Clay’s only free medical clinic in need

Kile Brewer
Posted 9/27/17

GREEN COVE SPRINGS – Jeannie Gallina has temporarily come out of retirement.

Gallina, the founder of the Way Free Medical Clinic in Green Cove Springs, felt the move was necessary after the …

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Clay’s only free medical clinic in need

Posted

GREEN COVE SPRINGS – Jeannie Gallina has temporarily come out of retirement.

Gallina, the founder of the Way Free Medical Clinic in Green Cove Springs, felt the move was necessary after the clinic recently came into some difficult times.

“I’m here to provide stability and to keep things organized,” Gallina said. “We’re here for the people, and that is what’s really important. That is where our focus needs to be.”

Since starting the organization in 2006, Gallina has watched the clinic grow into a place where people who are uninsured or cannot afford typical medical care can feel comfortable stopping in for a checkup. She also said that through their prenatal care and work with pregnant women, which began two years into the clinic’s existence, they have had a hand in bringing about 500 newborns into the world.

Eventually, the clinic doubled its space by moving into its current county-owned facility where rent is $1 a year. With the growth of the organization, the clinic found it was in need of leadership, so, they created an executive director position.

Until that point, Gallina had run things to be calm and casual, providing a smiling face and free medical care to anyone who needed it. Under new leadership, and with a board in place, things started to change and the clinic started becoming more of a business.

“Now we are in an age where the clinic has to grow up,” Gallina said. “That means developing new business practices to help sustain it. It needs change and [an Executive Director] who can build a strong board that we can depend on to work with our folks.”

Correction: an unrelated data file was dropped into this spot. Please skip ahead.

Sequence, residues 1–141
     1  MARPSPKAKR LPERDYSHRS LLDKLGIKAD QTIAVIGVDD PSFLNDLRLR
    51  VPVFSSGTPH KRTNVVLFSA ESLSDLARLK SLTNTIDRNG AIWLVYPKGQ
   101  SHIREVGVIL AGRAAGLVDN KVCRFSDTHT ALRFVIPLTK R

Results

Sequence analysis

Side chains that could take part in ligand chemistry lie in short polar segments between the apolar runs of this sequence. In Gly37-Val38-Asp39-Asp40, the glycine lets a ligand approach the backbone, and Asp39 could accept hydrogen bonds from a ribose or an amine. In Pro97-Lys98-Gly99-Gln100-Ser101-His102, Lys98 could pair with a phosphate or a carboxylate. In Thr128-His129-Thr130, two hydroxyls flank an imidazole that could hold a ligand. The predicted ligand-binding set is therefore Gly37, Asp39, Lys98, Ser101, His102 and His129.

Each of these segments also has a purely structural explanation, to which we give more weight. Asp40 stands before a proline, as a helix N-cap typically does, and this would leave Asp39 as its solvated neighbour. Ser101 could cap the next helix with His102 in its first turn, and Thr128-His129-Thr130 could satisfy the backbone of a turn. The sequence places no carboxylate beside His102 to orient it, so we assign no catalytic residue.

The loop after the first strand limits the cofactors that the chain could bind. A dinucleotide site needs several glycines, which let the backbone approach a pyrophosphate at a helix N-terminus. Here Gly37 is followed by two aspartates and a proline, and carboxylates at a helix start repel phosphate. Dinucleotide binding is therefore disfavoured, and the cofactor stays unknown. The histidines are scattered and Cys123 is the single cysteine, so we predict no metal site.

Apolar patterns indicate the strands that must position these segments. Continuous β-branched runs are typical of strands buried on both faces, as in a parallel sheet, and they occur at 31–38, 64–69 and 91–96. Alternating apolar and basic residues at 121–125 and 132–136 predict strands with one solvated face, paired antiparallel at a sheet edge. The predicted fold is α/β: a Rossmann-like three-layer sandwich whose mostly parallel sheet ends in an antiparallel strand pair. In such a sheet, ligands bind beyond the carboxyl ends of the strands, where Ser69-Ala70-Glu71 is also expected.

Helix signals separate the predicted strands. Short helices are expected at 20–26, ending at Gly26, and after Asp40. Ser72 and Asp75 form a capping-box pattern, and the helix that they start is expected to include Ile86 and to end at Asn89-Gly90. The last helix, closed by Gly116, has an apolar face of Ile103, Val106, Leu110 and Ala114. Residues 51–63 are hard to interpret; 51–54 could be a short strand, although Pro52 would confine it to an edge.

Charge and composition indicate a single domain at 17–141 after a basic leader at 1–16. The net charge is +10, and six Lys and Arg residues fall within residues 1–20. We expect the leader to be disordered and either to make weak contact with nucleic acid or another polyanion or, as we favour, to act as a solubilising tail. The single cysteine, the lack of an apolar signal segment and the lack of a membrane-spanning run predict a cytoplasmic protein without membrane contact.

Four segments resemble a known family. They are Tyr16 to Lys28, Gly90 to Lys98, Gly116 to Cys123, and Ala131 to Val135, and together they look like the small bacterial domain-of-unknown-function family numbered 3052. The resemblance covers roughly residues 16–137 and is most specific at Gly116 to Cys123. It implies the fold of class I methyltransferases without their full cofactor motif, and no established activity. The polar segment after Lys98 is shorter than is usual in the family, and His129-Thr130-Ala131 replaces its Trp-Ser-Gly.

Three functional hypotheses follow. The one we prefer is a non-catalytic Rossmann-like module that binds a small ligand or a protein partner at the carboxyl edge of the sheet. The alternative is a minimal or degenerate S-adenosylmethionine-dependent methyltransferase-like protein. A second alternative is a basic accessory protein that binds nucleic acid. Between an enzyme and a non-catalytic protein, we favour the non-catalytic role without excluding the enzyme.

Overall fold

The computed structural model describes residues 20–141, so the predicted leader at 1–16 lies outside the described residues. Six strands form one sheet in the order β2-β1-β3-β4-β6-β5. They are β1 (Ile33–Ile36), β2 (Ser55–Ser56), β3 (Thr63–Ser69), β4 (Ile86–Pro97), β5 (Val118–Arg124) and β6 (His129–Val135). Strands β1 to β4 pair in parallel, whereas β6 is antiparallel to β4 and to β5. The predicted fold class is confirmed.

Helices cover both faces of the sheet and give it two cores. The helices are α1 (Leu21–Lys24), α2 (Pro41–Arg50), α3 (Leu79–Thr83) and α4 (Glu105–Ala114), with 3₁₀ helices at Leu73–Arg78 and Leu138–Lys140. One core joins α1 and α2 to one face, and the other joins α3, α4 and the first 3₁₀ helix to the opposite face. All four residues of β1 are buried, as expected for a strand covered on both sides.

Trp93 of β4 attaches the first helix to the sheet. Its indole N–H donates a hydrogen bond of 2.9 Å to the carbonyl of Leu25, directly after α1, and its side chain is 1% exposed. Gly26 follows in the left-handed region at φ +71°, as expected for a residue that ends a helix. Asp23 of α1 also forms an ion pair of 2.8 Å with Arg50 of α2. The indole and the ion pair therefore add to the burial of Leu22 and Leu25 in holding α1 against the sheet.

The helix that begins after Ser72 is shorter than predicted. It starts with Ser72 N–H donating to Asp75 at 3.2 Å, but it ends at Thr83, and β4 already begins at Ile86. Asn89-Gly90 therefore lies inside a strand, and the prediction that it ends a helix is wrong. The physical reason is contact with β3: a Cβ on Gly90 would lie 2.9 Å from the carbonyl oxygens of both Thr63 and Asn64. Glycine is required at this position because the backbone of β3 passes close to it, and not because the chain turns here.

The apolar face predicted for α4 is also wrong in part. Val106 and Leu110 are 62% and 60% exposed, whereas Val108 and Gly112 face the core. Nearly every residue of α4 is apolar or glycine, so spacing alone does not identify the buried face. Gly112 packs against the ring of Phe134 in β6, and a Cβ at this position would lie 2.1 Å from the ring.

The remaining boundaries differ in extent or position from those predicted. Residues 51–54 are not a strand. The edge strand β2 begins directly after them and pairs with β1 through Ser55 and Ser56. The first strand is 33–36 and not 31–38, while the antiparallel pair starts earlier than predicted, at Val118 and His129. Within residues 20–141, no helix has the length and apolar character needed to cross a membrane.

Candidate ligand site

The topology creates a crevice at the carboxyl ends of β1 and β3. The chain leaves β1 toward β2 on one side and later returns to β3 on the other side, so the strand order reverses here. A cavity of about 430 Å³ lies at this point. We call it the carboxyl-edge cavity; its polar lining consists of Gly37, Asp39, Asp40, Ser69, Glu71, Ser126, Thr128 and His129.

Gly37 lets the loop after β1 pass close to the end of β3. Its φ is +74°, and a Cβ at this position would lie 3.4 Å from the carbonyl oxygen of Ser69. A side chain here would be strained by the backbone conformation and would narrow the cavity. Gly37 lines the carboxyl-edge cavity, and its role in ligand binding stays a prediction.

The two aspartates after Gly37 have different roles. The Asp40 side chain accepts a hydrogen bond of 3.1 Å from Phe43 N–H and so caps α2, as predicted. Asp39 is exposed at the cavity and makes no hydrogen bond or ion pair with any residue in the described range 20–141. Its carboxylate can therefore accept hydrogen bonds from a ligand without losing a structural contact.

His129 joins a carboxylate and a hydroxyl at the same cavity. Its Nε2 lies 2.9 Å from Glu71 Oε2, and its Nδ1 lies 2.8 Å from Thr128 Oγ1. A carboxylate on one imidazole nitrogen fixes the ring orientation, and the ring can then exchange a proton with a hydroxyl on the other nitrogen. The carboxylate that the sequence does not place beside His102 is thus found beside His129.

Gallina’s return came after the clinic lost both their executive director and medical director within a short period of time. This left a huge hole in the leadership, and created the need for a restructuring of the organization to make way for progress and change going into the future of the business.

“The staff we have now are ready for a new executive director,” Gallina said. “They are prepared for changes.”

Gallina said that during the restructuring, there was a time when they almost had to close the doors. For her, this would be a worst-case scenario, forcing their patients to turn to emergency rooms for care, or going back to avoiding doctors altogether. Luckily, the clinic survived the downturn, but they are still seeking additional help as they continue to regroup.

“We are appealing to the community to reach out and help rebuild through volunteering and monetary donations,” Gallina said. “A lot of people don’t know about us because they don’t need us. We want to change that.”

In an effort to get its name in front of community members, not just those who are patients, they are beginning to actively seek fundraising opportunities. On Oct. 7, the clinic will host a community-wide yard sale, and will take any and all donations through Oct. 5 when they begin setting up the sale. They have also partnered with Emerald Dragon Games, a Fleming Island-based gaming store, for their upcoming charity video game tournament on Oct. 14, which features classic shooter games like Cabela’s Dangerous Hunts and Nintendo’s Duck Hunt, with proceeds being spread among four local charities.

The clinic is also in need of volunteers of all types, specifically those who are doctors or nurses who would be willing to provide part time help as they continue to stabilize their operation and come under new leadership.

Gallina is working hard to leave the clinic in a place that will keep it operational for years to come before heading back into retirement. She describes the clinic as one of her children, and would like to see the people in Green Cove Springs and the rest of the county seeking out medical care regardless of insurance or income.

“I see great things in our future [at the clinic],” Gallina said. “It’s been around for 11 years, and I hope it last another 11 years.”

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